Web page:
NFL owners are no longer considering expanding the regular season to 18 games, according to a report Thursday from The Athletic's Daniel Kaplan. Instead, ownership is now focused on pushing the regular season to 17 games.
Expanding the regular season has long been a target of the NFL's ownership class for two intersecting reasons: A) it would reduce the league's awful, embarrassing preseason and B) it would give the league more inventory to sell to TV networks.
Any change to the regular season would have to be approved by the NFL players' association and negotiated into the collective bargaining agreement. The current CBA expires after the 2020 season.
The NFLPA has long been resistant to an 18-game season, leading to speculation the league could push a push for a schedule where teams play 18 games but players are limited to 16.
In a rare example of common sense trumping dollars and cents, NFL owners seem to realize such an arrangement would be roundly rejected by its customers. “Quite honestly, that is a hard sell to fans,” Green Bay Packers president Mark Murphy said this summer.
The 17-game compromise, which I first came across via ProFootballTalk's Mike Florio way back in 2015, would check a lot of boxes for the NFL:
-- As a concession to players (and fans), the league could contract the preseason from four games to two, and use the extra week on the schedule to give each team two off weeks instead of one.
-- The second off week could be put to use by further pushing two major NFL agendas that have emerged over the past 10-to-15 years: Thursday night games and international games. The league could give each team one Thursday night game and one international game each season. With two off weeks to play with, perhaps the NFL could construct its schedule in such a way where all (or at least most) teams have one off week before their Thursday night game and another after their international game.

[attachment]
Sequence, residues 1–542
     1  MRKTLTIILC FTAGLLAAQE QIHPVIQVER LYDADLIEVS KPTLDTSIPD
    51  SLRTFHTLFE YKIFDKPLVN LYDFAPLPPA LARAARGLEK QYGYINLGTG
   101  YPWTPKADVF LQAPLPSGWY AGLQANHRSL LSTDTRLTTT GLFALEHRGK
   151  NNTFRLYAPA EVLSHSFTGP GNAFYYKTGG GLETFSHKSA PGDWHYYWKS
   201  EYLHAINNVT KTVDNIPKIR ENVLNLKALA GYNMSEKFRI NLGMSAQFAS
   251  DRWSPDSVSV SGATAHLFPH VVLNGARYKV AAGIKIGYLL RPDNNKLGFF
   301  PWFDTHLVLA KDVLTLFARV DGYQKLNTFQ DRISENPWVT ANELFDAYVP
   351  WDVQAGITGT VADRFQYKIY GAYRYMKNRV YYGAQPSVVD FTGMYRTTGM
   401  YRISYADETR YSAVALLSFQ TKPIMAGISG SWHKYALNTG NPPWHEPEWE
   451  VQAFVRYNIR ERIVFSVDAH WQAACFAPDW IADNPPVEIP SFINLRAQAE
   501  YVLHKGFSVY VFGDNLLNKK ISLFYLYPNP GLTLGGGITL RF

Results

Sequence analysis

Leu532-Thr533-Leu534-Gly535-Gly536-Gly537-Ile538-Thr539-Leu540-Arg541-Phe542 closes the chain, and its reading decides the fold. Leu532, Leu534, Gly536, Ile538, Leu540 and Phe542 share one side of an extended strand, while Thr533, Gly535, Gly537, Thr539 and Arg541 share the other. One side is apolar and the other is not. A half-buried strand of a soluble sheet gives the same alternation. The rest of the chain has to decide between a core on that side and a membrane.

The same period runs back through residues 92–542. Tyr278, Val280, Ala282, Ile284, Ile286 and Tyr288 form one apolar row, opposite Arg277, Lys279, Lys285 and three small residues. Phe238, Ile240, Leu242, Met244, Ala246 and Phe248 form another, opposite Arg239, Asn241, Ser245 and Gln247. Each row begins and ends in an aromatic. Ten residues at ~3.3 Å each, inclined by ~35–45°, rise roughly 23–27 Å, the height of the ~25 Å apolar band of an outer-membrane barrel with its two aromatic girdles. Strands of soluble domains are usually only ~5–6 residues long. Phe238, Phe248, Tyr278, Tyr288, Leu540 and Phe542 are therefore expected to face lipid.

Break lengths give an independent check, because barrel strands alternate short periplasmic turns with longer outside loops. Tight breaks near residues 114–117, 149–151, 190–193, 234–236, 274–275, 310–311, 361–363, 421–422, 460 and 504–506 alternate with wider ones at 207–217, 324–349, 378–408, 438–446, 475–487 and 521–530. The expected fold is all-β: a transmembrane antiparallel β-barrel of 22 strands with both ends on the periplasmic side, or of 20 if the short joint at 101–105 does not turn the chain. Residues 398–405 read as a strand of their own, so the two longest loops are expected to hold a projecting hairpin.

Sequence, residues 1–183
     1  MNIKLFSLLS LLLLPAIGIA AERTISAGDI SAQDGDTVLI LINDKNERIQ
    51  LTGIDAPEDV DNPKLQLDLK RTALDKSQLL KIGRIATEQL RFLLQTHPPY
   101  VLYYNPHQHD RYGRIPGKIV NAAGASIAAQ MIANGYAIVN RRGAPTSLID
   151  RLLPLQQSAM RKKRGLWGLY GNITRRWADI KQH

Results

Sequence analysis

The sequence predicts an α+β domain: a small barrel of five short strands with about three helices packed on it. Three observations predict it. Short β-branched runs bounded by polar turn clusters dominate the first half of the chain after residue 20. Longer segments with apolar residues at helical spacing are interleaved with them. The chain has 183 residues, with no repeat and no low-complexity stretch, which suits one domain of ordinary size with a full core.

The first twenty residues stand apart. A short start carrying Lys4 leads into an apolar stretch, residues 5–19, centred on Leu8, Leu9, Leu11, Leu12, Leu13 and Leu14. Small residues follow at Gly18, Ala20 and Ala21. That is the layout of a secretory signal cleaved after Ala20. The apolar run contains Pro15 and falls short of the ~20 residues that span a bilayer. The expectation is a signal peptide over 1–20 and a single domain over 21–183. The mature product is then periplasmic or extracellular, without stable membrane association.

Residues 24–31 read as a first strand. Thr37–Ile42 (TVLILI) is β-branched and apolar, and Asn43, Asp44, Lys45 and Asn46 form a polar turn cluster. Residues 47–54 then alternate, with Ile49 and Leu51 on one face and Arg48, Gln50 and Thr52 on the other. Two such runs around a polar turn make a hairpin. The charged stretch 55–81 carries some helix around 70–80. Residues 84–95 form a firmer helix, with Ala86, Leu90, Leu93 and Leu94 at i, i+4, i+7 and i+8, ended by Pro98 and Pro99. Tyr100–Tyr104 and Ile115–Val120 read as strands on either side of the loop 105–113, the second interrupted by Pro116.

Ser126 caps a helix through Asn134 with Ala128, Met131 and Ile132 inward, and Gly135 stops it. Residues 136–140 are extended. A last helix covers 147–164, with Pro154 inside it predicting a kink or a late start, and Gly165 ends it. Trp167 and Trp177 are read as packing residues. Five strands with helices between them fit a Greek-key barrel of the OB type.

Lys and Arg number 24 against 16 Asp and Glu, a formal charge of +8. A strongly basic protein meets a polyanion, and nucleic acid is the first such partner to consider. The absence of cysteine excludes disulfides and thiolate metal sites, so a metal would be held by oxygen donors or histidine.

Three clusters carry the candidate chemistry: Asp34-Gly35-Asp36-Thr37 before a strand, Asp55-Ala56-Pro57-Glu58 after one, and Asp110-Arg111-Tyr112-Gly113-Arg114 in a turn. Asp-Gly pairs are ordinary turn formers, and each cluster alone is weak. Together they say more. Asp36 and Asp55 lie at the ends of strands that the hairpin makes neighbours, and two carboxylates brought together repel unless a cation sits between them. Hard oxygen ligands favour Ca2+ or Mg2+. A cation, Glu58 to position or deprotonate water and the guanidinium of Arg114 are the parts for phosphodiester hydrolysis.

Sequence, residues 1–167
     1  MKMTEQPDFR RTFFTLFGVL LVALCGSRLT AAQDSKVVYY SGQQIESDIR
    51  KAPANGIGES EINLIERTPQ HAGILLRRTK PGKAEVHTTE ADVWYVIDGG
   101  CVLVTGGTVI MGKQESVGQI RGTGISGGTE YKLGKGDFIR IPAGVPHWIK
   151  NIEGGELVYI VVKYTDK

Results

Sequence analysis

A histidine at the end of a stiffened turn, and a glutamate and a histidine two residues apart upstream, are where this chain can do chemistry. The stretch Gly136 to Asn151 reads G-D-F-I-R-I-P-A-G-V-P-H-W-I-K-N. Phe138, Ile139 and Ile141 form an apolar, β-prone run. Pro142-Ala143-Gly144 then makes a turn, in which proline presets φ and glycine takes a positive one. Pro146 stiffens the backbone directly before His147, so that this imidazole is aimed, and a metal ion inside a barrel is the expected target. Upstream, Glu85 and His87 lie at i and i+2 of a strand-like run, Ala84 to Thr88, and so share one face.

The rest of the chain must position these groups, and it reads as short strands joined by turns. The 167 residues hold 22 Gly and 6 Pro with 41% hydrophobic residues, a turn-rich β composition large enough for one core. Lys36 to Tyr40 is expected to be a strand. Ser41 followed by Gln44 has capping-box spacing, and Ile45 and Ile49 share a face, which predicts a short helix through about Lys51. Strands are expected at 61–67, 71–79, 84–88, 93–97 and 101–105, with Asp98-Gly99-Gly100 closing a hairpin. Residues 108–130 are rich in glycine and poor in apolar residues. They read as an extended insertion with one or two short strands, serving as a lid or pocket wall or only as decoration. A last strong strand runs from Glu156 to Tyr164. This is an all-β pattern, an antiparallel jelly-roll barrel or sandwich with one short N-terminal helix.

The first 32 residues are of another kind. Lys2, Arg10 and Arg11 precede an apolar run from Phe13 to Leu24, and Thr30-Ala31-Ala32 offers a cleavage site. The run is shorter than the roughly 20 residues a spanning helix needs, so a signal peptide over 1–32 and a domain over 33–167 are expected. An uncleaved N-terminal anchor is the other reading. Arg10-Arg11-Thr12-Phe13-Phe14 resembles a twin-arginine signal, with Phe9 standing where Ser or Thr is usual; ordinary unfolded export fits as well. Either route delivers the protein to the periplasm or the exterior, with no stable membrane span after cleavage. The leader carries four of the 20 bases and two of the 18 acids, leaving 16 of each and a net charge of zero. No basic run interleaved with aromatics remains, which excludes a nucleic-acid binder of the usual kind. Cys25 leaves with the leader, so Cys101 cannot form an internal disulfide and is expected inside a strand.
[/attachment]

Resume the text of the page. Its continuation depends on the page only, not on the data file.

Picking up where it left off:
-- Giving each team an international game also solves the problem of an odd-number schedule, where half the league gets nine home games and the other half only eight. Instead, all 32 teams would play the same 8 + 8 + 1 schedule.
-- Furthermore, the NFL has experimented with playing its London games in the afternoon on UK time -- which is 9:30 a.m. in the Eastern time zone. If every team plays in London every season, and all of those games are at 9:30 a.m. ET, this gives the NFL four broadcast windows each Sunday and four "national" games each week -- Thursday night, Sunday morning, Sunday night and Monday night. The more "national" windows the NFL has to sell, the more money it can extract from TV networks.
-- Really, if every team in the league is playing an international game and each team is off the following week, that international game could be played anywhere in the world. The NFL has already planted its flag in London and Mexico City. What about, say, Australia, or Japan, or Germany, or (current politics aside) Russia?
-- Kaplan also mentions the other expansion opportunity on the NFL's horizon: expanding the playoffs.
The league has toyed with the idea of awarding a third wild card bid in each conference, which would mean only the No. 1 seed in each conference receives a bye to the divisional round.
This plan, if it happens, could affect college football, and here's why:
Currently, the NFL's Wild Card weekend consists of four games -- Saturday afternoon, Saturday night, Sunday afternoon and Sunday evening.
If the playoffs expand from 12 teams to 14 and from four Wild Card games to six, one of those six games could push to Monday night -- which is when the college football national championship is typically played. (This year's title game isn't until the Monday after the divisional playoffs due to scheduling issues in the host city of New Orleans.)
This would be a huge problem for college football. Pushing the title game back a week is an issue for a number of reasons -- the season is long enough as it is, plenty of schools have started their spring semesters by the second Monday of January, and putting another week in between the CFP semifinals and the title game would kill all the buzz around college football's biggest game. (This season's CFP schedule will see the NFL play its Wild Card and Divisional rounds between the semifinals and finals.)
The CFP could move its title game to another night during the first week in January, but that presents its own problems. For instance, the title game could move from Monday night to Tuesday, but that's an even bigger burden for traveling fans. The game could also move to the other side of the weekend -- pushing from Monday night to the proceeding Friday night -- but Friday is a bad TV night and that might be too close to the semifinal games, depending on the year. (Playing on Saturday night, head-to-head against an NFL playoff game, is absolute non-starter for ESPN... or any other TV network.)
As you can see, if the NFL expands its playoffs, CFP leadership and their allies in ESPN headquarters would need to keep Wild Card weekend contained to Saturday and Sunday, thus leaving Monday night open for the college game.
Obviously, we're a long way from any of this becoming a reality. But from where I sit, both the 17-game schedule and an expanded playoffs make too much sense -- and cents -- not to happen.